My two best movie going experiences both occurred at the Music Box in Chicago, a magnificent venue that constantly showcases wonderful cinema. It is one of the things I miss most from my time spent in Chicago. In 2002 I saw Kurosawa’s Seven Samurai (1954). To this day, Seven Samurai remains one of my two favorite films (the other being The Wild Bunch). The other occurred back in 2001, when I was dating the woman who would agree to become my wife. Fritz Lang’s Metropolis (1927) had recently been re-mastered, and the Music Box showed the newly re-mastered version. I had never seen Metropolis, but various friends in grad school were enormous Lang fans and had introduced me to some of his later film-noir work in the U.S., including the terrific The Big Heat (1953), starring Glenn Ford and a young Lee Marvin.
I had not seen any of Lang’s silent work, and I had no idea of what to expect. This was the first time I had seen a silent film on a large screen, and the depth of the visual beauty is still etched in my mind. Scenes of the fantastic and gorgeous Brigitte Helm as the Great Whore of Babylon dancing and rising out of the seven deadly sins and driving the roomful men into a carnal rage remain as vivid as any scene from any film I have ever watched; and, until recently, the 2001 showing at the Music Box had been my only viewing of Lang’s silent film classic.
I had another opportunity to view Metropolis thanks to Kino International releasing yet another re-mastered version of the film: The Complete Metropolis. I can sometimes grow suspicious of various re-releasings of “re-mastered” classics; they often appear to be little more than marketing and packaging coinciding with some anniversary. However, Kino’s release includes footage, upwards of 30 minutes previously thought to be lost, along with a documentary detailing how the lost footage was recovered and an interview with the Argentinian curator who located the lost rolls of 16mm film deep in the recesses of a Buenos Aires film archive and depository.
I am not going to take up space to review, critique, or analyze Metropolis. Lang’s iconic work has had a seemingly ubiquitous and non-ending influence on pop culture and film, particularly the science-fiction film genre. As the Kino International documentary illustrates, the cityscapes from Blade Runner (1982) are little more than an updated version of those in Lang’s classic film. Metropolis’s plot of a dystopian future in which a large working class slaves away to ensure that an elite few can enjoy luxury and leisure has likewise been employed in countless other scenarios. (Actually, its plot seems rather prescient given the most recent economic data concerning the distribution of wealth in the United States.) Reams of Metropolis analysis and criticism already exist, so I will instead briefly highlight what The Complete Metropolis offers beyond the film itself.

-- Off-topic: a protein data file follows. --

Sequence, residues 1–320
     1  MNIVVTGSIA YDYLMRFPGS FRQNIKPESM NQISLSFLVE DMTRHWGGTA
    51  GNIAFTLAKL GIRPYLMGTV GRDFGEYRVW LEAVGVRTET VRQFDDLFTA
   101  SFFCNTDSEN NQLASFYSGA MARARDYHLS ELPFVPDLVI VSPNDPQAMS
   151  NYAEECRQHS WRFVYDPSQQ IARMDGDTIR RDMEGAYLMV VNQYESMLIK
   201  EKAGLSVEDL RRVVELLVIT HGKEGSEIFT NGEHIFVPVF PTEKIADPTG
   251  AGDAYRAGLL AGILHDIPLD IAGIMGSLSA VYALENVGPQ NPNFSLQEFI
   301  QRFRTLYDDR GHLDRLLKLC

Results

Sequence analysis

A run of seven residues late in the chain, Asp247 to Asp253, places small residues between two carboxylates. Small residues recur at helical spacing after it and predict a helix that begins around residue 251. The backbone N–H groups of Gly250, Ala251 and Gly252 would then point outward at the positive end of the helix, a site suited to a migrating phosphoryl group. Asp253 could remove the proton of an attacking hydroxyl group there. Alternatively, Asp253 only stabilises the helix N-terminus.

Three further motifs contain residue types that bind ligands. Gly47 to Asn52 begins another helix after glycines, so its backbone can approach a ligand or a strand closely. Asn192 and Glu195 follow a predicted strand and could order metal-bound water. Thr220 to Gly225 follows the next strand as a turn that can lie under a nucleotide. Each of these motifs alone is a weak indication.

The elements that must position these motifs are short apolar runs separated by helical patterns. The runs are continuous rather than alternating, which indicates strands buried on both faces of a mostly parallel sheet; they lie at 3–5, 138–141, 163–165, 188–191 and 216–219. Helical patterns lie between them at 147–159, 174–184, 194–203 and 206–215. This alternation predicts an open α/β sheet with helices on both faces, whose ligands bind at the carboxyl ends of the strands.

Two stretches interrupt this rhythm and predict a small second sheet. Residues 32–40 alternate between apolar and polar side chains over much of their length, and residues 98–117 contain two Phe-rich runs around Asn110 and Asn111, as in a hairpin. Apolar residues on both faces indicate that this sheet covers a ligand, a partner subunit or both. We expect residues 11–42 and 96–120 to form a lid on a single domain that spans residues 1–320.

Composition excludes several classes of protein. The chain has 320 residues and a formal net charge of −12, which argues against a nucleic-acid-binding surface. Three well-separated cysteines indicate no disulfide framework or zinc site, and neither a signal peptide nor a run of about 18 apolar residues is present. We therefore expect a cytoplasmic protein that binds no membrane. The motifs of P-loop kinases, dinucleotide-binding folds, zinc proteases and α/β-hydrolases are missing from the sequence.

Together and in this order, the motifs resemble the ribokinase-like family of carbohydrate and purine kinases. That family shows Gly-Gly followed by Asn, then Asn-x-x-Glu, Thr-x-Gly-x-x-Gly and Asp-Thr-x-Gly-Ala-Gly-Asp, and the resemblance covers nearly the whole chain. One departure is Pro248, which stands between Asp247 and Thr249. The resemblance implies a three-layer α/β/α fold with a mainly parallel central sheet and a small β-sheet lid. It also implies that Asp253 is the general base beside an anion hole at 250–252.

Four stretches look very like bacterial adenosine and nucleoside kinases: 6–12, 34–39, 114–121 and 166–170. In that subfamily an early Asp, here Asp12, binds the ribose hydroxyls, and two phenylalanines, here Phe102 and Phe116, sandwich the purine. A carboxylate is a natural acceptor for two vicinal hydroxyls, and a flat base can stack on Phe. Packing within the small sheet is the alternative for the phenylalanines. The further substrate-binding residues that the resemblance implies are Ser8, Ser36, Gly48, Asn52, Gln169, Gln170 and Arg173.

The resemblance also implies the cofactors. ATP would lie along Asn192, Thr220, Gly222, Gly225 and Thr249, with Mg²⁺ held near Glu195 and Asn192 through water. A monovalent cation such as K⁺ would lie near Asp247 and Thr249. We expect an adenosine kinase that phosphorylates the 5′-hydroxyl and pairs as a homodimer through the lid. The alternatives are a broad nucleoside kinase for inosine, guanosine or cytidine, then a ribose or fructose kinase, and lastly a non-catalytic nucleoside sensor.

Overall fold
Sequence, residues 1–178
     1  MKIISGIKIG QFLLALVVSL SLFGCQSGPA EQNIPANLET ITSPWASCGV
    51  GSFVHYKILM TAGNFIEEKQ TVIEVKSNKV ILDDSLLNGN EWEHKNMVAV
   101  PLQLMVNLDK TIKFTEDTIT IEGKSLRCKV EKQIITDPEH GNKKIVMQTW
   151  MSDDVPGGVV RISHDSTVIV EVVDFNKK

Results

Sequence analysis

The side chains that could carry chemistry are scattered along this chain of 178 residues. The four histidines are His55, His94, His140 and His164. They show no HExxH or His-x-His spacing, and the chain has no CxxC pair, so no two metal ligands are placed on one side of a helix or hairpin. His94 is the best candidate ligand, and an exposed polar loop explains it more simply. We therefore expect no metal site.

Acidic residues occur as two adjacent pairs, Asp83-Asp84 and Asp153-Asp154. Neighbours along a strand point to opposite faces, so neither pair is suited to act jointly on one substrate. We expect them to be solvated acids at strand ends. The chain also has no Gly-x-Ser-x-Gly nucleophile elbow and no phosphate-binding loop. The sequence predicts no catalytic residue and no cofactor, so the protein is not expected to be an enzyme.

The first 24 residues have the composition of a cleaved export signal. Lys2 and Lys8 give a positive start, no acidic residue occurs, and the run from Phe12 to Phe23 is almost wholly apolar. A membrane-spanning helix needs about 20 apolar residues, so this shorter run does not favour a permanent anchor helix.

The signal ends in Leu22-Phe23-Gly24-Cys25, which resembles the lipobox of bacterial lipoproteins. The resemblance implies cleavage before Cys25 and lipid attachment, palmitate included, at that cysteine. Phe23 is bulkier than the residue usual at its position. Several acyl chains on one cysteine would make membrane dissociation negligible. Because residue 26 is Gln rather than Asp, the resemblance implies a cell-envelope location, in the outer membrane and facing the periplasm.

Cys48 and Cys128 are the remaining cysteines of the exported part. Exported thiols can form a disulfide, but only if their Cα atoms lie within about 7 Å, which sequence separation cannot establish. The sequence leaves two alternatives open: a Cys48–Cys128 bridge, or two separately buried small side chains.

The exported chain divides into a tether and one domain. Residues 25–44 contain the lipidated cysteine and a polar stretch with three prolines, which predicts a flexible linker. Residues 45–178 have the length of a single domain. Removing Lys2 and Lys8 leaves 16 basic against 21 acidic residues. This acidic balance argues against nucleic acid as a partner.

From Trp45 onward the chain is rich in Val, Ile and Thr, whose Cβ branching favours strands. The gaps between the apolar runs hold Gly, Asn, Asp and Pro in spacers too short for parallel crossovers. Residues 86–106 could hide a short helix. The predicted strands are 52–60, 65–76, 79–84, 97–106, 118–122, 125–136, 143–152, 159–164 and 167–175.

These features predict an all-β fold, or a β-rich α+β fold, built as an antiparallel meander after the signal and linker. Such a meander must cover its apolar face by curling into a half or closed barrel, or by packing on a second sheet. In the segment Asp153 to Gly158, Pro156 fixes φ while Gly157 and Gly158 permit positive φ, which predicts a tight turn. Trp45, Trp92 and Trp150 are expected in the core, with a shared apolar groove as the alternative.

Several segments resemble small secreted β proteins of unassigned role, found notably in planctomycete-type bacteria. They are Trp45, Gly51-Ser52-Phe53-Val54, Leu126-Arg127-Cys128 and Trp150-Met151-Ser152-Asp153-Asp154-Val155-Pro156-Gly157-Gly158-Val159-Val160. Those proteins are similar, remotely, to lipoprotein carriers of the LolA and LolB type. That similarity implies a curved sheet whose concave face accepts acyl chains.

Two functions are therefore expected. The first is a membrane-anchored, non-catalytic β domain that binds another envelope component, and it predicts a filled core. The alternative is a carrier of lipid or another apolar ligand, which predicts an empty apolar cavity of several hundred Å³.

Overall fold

Most obviously, The Complete Metropolis offers roughly twenty-five minutes of new footage. These twenty-five minutes are not the product of Peter Jackson-esque hubris. Rather they add to the coherence of the visual narrative, which is critical for silent film. And when the restorers could not repair the film, they added commentary that explained what the lost footage would have shown. The running time for the film now reaches 148 minutes, but the added footage makes it tighter and more seamless. The second half of the film, in particular, is elegantly crafted; various disparate actions take place in different locations (Maria’s escape from Rotwang, Freder’s dream about the whore of Babylon, Robot Maria enticing the workers to destroy the machines, and the children threatened by the imminent flooding), and all of them are unified through Lang’s direction and the restoration. A lot of the restored footage could not be completely repaired. As the accompanying picture shows, much of the restored footage has black vertical lines running through the frame, giving the film a scratchy, slightly dirty appearance. And while there is an obvious distinction between the original footage and the footage that was lost and restored, the lost footage, damaged as it may be, is a welcome inclusion; the film feels whole.
The second disc has two components, an interview with Paula Felix-Didier, the woman who discovered the complete, uncut edition, and a documentary, Voyage to Metropolis, that details how the film was made, why it was so severely altered, and how it was finally restored. The fact that the film had travelled across countries and continents makes its eventual restoration seem like a minor miracle. Just as interesting and educational was the discussion surrounding the technical aspects of the restoration of the 16mm print. I am less than a novice on these technical matters, but I know that many who read and write for this journal have much invested in the science of film’s technology and apparatuses. They should find the documentary fascinating in how it discusses the restoration of 16mm film prints.
If Christmas, Hanukkah, Kwanzaa, or a December birthday did not bring you all the gifts you desire, of if gift cards, checks, and cash remain unspent, purchase The Complete Metropolis. Robot Maria demands it of you.